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60 Figure 6-1. Insufficient queuing space at parking entry at Tulsa International Airport. roadway operating speeds, are intended to allow sufficient network. If a movement is missing, motorists may need to exit distance for lane channelization and vehicle merging. Un- and re-enter the airport or travel extra distance. For example, expected lane drops reduce roadway capacity and travel speeds, at most major airports, motorists can proceed directly from the as motorists who become "trapped" in a lane are required to enplaning curbside to short-duration parking and from short- merge quickly (interfering with the flow of other vehicles in duration parking to the deplaning curbside without leaving adjacent lanes). the terminal area. The absence of roadway segments provid- ing these direct movements increases traffic demand on the Unexpected Transition from High-Speed return-to-terminal roadways and vehicle miles of travel. to Low-Speed Roadway Environment Potential Terminal Area Roadway Some motorists do not realize they need to slow down as Improvement Measures they exit from a regional roadway (which may operate at more than 55 mph) and approach a terminal area roadway (which Potential improvements to terminal area roadway opera- may operate at less than 30 mph) until they encounter a sharp tions are presented in the following categories: curve at the entrance to the terminal or vehicles stopped in the roadway. This situation is particularly true at airports Physical improvements, where a limited access highway, designed to freeway stan- Operational measures, and dards and capable of accommodating freeway speeds, connects Airport policies. the regional roadway network with the terminal area roadways (see Figure 6-2). Motorists may be provided few visual clues that the driving environment is changing and requires them to decelerate. Additionally, speed limit signs may get lost among the many other signs and distractions associated with roadways approaching an airport terminal. This transition is compounded by the reduction in roadway capacity that accompanies the reduction in speed: a three-lane access roadway operating at 55 mph (or more) has more capac- ity than a three-lane curbside roadway operating at 30 mph (or less). If the traffic volume on the access roadway is the same as that on the curbside roadway, it is necessary to provide addi- tional travel lanes on the curbside roadway to compensate for the reduction in travel speed. Often, the volumes are not con- stant, as some traffic exits for non-terminal area destinations, such as parking and rental car facilities. Missing Movements Figure 6-2. Transition from high-speed to low-speed Missing movements are defined as a desired travel path or airport roadways at Baltimore/Washington traffic movement that is not provided on an airport roadway International Thurgood Marshall Airport.

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61 A general planning principle for the design and operation listed in Appendix B, including those published by AASHTO, of airport roadways is to separate traffic generated by airline provide additional information on this topic. passengers and visitors from that generated by employees, Adding exclusive left- or right-turn lanes. The capacity of air cargo, and services or deliveries. At airports with multi- at-grade intersections, particularly signalized intersections, ple entrances/exits, this can be accomplished by having one can be improved by providing exclusive left-turn lanes entry/exit serving airline passengers and the other serving non- (thereby eliminating conflicting traffic movements from a passenger traffic. At airports with one access road, this can be signal phase) or adding free-flow right-turn lanes. accomplished by having nonpassenger traffic exit the access roadway well in advance of the terminal area, and by provid- Reconfigure Roadways ing a separate service roadway for these vehicles. Appendix B (Bibliography) lists selected references regarding Eliminating three-way decision points. It may be possible the design and improvement of roadways and intersections to eliminate a three-way decision point without requiring and relevant design standards and guidelines relevant to air- major roadway reconstruction, by moving one of the deci- ports. These references should be reviewed prior to implement- sion points upstream and thereby converting the three-way ing any roadway improvement, particularly those that require decision point into two separate two-way decision points, the design of new roadways or modification or reconfiguration which is preferable and easier for motorists. of the layout of existing roadways. Lengthening weaving area. It may be possible to improve an unacceptable weaving operation by closing one exit from the weaving area and directing traffic to a subsequent down- Potential Physical Improvements stream exit leading to the same destination. For example, at to Enhance Roadway Operations Seattle-Tacoma International Airport, traffic operations on Widen Roadways a return-to-terminal roadway were improved by directing recirculating traffic toward the airport exit and then to a Additional roadway capacity can result from the following: path that leads back to the terminal, thereby extending the length of the weaving area. At Los Angeles International Constructing new lane(s). Additional lanes can be con- Airport, a movable gate arm is used to close a roadway to structed if sufficient available right of way is clear (or if it can traffic on the busiest days of the year, requiring vehicles to be cleared) of obstacles, such as existing or proposed build- follow a slightly longer path, but extending the length of the ings, underground utilities, aviation limit lines (where FAA weaving area. Such improvements can be implemented for restrictions govern acceptable land uses), or other fixed minimal cost (e.g., replacing a roadway directional sign and obstacles. Construction costs and schedules are a function of installing a barrier, if necessary). the roadway alignment, extent and type of construction, Improving queuing space. Queuing space can be improved obstacles to be relocated (if any), need to maintain and pro- by either providing additional storage space or increasing tect other vehicular and pedestrian traffic during construc- flow rates through the point of constraint. For example at tion, and other factors. the entry or exit of a parking facility, queuing space can be Reconfiguring existing lanes. Additional lanes can be cre- increased (1) by relocating the gate arms at the entry or con- ated by reducing the widths of existing roadway lanes to trol booths at the exit plaza to provide additional storage form additional lanes. For example, five lanes can be cre- space or (2) by increasing traffic flow rates at the control ated on an existing four-lane roadway by reducing lane point by replacing the existing access control technology widths (e.g., from 13 feet or 12 feet to 11 feet or 10 feet) and (e.g., replacing an existing ticket issuing machine with a by simultaneously reducing the width of, or converting, card reader recognizing employee parking badges, or an roadway shoulders or paved gutter strips into travel lanes. automatic vehicle identification [AVI] transponder on Unless existing drainage structures must be replaced or commercial ground transportation vehicles). For example, relocated, the cost of such reconfiguration is very low. with use of a credit card in/credit card out parking access Lengthening tapers/correcting lane imbalances. Roadway control system, more vehicles can be processed per lane construction is required to correct inadequate roadway than with a cashier, and the need to print and issue parking tapers or lane imbalances. The length of a roadway taper tickets may be reduced or potentially eliminated. depends on the posted speed. For example, a 250-foot-long taper is required on a 35 mph roadway to add (or end) a Improve Roadway Wayfinding Signs 12-foot-wide travel lane. Providing the required lane bal- ance may require construction of a full lane (upstream or It may be possible to improve roadway guide signs by downstream) for a longer distance. Highway design guides replacing complex, existing signs with simpler signs that can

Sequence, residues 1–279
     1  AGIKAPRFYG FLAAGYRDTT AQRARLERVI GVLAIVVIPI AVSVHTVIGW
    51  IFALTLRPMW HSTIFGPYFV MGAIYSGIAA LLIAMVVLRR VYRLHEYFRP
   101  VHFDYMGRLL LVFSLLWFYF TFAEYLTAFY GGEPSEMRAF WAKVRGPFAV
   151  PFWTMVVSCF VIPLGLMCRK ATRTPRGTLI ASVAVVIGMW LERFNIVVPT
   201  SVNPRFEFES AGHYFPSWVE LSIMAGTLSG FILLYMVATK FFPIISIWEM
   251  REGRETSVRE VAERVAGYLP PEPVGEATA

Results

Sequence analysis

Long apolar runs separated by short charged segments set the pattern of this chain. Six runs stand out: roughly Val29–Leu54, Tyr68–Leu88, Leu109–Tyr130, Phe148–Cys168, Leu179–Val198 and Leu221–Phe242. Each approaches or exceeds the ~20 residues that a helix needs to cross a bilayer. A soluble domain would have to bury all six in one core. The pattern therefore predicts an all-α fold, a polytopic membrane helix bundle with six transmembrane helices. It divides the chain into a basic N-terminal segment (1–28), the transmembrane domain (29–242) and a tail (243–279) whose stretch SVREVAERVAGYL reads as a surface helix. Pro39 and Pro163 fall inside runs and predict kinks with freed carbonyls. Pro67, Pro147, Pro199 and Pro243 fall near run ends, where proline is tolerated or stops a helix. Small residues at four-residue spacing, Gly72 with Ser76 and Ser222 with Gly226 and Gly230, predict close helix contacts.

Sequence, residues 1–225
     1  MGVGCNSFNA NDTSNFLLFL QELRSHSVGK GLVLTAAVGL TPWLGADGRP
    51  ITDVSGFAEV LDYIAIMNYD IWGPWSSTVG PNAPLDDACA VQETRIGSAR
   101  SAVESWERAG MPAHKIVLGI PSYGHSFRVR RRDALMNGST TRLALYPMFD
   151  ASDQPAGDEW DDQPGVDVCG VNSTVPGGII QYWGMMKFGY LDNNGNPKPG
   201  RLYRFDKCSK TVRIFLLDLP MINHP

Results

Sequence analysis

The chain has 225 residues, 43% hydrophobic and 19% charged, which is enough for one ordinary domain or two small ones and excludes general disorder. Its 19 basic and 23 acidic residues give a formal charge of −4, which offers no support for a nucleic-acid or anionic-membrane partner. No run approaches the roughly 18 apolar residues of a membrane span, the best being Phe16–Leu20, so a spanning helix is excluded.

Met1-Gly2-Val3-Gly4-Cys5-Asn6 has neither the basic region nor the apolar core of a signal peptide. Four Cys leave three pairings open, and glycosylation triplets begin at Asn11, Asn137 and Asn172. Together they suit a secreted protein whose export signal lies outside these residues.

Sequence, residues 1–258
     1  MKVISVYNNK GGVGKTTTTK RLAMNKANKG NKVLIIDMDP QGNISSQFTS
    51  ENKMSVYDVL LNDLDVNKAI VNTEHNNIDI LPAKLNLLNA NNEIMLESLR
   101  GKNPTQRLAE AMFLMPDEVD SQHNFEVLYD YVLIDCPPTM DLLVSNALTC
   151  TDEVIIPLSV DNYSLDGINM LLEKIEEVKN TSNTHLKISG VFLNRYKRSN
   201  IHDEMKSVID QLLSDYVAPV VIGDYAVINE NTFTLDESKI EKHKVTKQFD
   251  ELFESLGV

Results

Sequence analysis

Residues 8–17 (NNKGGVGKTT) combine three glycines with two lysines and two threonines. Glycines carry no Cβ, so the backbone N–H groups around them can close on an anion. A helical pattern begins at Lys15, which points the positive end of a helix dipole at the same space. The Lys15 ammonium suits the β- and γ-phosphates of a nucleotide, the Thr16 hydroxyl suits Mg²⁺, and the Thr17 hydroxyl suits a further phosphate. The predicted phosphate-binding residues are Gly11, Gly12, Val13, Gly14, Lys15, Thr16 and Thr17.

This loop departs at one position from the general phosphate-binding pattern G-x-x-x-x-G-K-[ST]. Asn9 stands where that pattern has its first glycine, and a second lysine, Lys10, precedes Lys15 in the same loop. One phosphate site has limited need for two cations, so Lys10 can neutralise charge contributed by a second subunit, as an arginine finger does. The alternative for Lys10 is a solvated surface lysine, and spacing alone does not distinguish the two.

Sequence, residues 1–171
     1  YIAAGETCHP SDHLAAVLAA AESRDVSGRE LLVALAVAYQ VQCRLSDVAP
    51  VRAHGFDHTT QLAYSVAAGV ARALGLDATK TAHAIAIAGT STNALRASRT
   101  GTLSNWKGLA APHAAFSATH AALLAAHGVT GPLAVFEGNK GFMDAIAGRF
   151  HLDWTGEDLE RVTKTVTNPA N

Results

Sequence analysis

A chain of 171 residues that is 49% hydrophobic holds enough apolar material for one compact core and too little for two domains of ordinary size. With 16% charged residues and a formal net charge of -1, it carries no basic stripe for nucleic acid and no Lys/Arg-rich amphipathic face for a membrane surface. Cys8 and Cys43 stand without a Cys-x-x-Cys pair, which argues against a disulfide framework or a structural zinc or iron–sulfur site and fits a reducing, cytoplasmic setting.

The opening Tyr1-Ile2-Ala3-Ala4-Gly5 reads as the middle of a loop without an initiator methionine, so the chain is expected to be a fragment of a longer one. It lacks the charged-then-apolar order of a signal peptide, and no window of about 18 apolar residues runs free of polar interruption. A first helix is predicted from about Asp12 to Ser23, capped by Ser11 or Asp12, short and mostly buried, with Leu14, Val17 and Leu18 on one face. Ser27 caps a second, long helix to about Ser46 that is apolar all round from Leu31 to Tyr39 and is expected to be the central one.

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62 be more easily understood by motorists. This can be accom- of concrete pavement to create a warning signal (i.e., a rum- plished by attempting to simplify and prioritize the message ble strip) for motorists as they approach a slow-speed area. content, reviewing the text and font, and using standard It is possible to increase the frequency and volume of the phraseology where possible. The use of dynamic message signs warning signal by reducing the distance between successive may also be helpful in certain instances (e.g., parking controls strips. and space availability). Dynamic warning signs. Radar-activated speed limit signs can be installed to detect the speed of approaching vehicles and indicate to drivers how fast they are traveling. For Construct and Operate Traffic Operations Center vehicles exceeding the posted speed limit, the display could At airports with complex roadway networks and multiple flash red. parking facilities, it may be possible to improve traffic flows by Automatically activated pedestrian signals. Pedestrians constructing and operating a traffic operations center, simi- crossing a roadway can automatically activate signals embed- lar to those in many large urban areas (see Figure 6-3). Using ded in the roadway pavement. video cameras, traffic detectors, and other technologies, the Enforcement. Police enforcement measures and tools that traffic operations center allows airport staff to monitor air- are commonly and frequently used in non-airport environ- portwide traffic operations, direct airport traffic officers to ments can be used to enforce posted speeds, including park- congestion points, close or open parking facilities or road- ing police vehicles in a visible location. ways, change advisory signs, and perform other operations to improve the flow of traffic. Transportation Demand Management When used in an urban or regional setting, transportation Potential Operational Measures to Enhance demand management (TDM) measures are used to discourage Roadway Operations single-occupant, private vehicle trips by promoting ride- Speed Reduction Measures sharing or the use of public transit, and to encourage motorists to drive outside peak hours. At airports, the most productive It may be necessary to encourage motorists to decelerate as application of TDM is to encourage airport employees to share they approach the terminal area, particularly at airports where rides or use public transit to reduce the number of vehicle trips. a limited access highway connects the regional roadway net- For example, some airport operators and other employers have work with the terminal area roadways. established work schedules that call for employees to work 9 Measures to encourage motorists to obey posted speed lim- out of every 10 days (e.g., take every other Friday off by work- its and slow down as they approach the terminal area include ing longer hours on other days). Other airport operators offer discounted transit passes or partially subsidize the commuting Pavement texture. Contrasting pavement textures (e.g., expenses of employees who agree to use transit and forego the brick, cobblestone, or gravel textures) can be cast into strips use of parking facilities. Intelligent Transportation Systems A variety of intelligent transportation system (ITS) applica- tions are available to encourage the efficient and safe use of transportation facilities. At airports these applications include pricing mechanisms (increasing parking costs), the use of AVI and global positioning system (GPS) technologies to monitor the location and number of trips made by commercial vehi- cles or shuttle buses, and a variety of systems for distribut- ing traveler information to arriving motorists (e.g., airline schedules/delays and parking space availability). Traveler information can be distributed using the Internet, mobile tele- phones, highway advisory radios, flight information display systems (e.g., those located on deplaning curbsides or within cell phone lots), or dynamic signage presenting parking Figure 6-3. Transportation operations center at space availability information or warning overheight vehi- Frankfurt Airport. cles approaching areas with limited vertical clearance.